“The standard for ‘tacking’ . . . is exceedingly strict: [t]he marks must create the same, continuing commercial impression, and the later mark should not materially differ from or alter the character of the mark attempted to be tacked.” Brookfield, 174 F.3d at 1048 (internal quotation marks omitted). Our precedent demonstrates that tacking is allowed only in narrow circumstances. In Brookfield, we concluded that “moviebuff.com” cannot be tacked onto “The Movie Buff’s Movie Store.” Id. at 1049. There, we reasoned that “ ‘The Movie Buff’s Movie Store’ and ‘moviebuff.com’ are very different, in that the latter contains three fewer words, drops the possessive, omits a space, and adds ‘.com’ to the end.” Id. Similarly, in Quiksilver, we held that the district court erred in tacking “QUIKSILVER ROXY” onto “ROXY.” Quiksilver, 466 F.3d at 760. We reasoned that “a reasonable jury could easily conclude that ‘QUIKSILVER ROXY’ and ‘ROXY’ did not create the ‘same, continuing commercial impression’ at the time the ‘ROXY’ brand was introduced.” Id.
In affirming the lower court’s decision, the Ninth Circuit panel stated the following regarding O’Neal’s two marks:
We recognize that this is a close case, but we agree with One Industries and with the district court that O’Neal cannot meet the “exceedingly strict” standard for tacking. Although both marks consist of a styled O followed by an apostrophe, the similarities largely end there. The apostrophes are markedly different: in the Rounded O’ mark it is entirely separated from the O and appears to be a standard apostrophe. In contrast, the Angular O’ mark’s apostrophe is connected to the main image and looks like a triangle. The lower and upper horizontal lines on the Rounded O’ mark are thinner than the corresponding lines on the Angular O’ mark. While the Rounded O’ mark is boxy, the Angular O’ mark looks like the outline of a lemon. These differences, in our view, establish that the two marks are not “indistinguishable.” Brookfield, 174 F.3d at 1047. Like the marks at issue in Brookfield and Quiksilver, the Rounded O’ mark and the Angular O’ mark differ in several material respects.
The remainder of the court’s decision addresses the district court’s decision finding no likelihood of confusion with O’Neal’s marks. The court, reviewing the lower court’s summary judgment decision de novo and applying the eight factor test used by the Ninth Circuit for determining “likelihood of confusion” set forth in AMF Inc. v. Sleekcraft Boats, 599 F.2d 341, 348-49 (9th Cir. 1979), concluded that there was no likelihood of confusion in this case – primarily based on the dissimilarity of the marks, the lack of evidence of actual confusion, and the weakness of the mark given the presence of other similar O marks in the marketplace. “In the absence of evidence of actual confusion or intent to deceive, we decline to grant O’Neal a virtual monopoly on the use of the letter “O” on motorcycle helmets. The mere fact that the two companies are direct competitors and happen to use the same letter on their products is not sufficient to show infringement.” The same was true for the claims that One Industries’ marks infringed on O’Neal’s O’NEAL mark (marks were entirely different). And such lack of confusion also refuted O’Neal’s claims of trade dress infringement (which were based on the position of the O’NEAL on a helmet).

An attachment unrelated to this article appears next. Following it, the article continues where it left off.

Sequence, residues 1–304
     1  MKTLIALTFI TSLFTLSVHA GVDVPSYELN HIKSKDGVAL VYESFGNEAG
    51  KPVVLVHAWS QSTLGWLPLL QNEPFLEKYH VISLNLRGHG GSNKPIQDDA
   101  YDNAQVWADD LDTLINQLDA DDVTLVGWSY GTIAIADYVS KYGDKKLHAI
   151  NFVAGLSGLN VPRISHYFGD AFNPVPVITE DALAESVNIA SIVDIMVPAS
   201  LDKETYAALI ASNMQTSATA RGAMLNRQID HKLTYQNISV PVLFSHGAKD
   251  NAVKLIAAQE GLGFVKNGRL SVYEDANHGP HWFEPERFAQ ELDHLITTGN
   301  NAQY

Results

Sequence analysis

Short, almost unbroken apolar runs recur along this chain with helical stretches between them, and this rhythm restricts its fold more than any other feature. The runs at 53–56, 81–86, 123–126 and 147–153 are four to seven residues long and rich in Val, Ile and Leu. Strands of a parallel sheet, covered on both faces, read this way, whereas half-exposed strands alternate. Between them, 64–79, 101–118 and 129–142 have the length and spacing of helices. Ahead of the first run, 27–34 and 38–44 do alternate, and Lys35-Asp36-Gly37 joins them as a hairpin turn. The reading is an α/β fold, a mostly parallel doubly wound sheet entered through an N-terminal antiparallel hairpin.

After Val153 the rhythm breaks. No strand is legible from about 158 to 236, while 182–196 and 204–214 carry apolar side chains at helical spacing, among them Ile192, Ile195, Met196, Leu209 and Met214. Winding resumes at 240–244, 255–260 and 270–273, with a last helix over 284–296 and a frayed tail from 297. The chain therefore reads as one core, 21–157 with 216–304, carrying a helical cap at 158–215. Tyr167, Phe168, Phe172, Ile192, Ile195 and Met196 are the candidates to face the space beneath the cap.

Accordingly, the Court of Appeals affirmed the district court’s granting of the motion for more definite statement and motion for summary judgment in favor of One Industries.
Judge Graber, concurring in part and dissenting in part, believed that the district court erred in resolving the tacking question as a matter of law in a motion for a more definite statement:
In my view, it was inappropriate for the court to decide that O’Neal was not permitted to tack its 2003 mark to its older marks as a matter of law in a pre-discovery Federal Rule of Civil Procedure 12(e) order. At that stage in the litigation, it would have been impossible for the district court to conclude that reasonable minds could not differ and that the evidence permitted only one conclusion regarding tacking. Indeed, the court made no such finding, and the majority itself concedes that this is a “close case.” Maj. op. at 11609. The order granting the motion states only that the “Court is unpersuaded by O’Neal’s claim that it uses only one mark that has been slightly altered over the years.” That conclusory statement, unsupported by any evidence in the record at that time, is not enough to decide the highly fact-dependent question of tacking as a matter of law. I would therefore reverse and remand.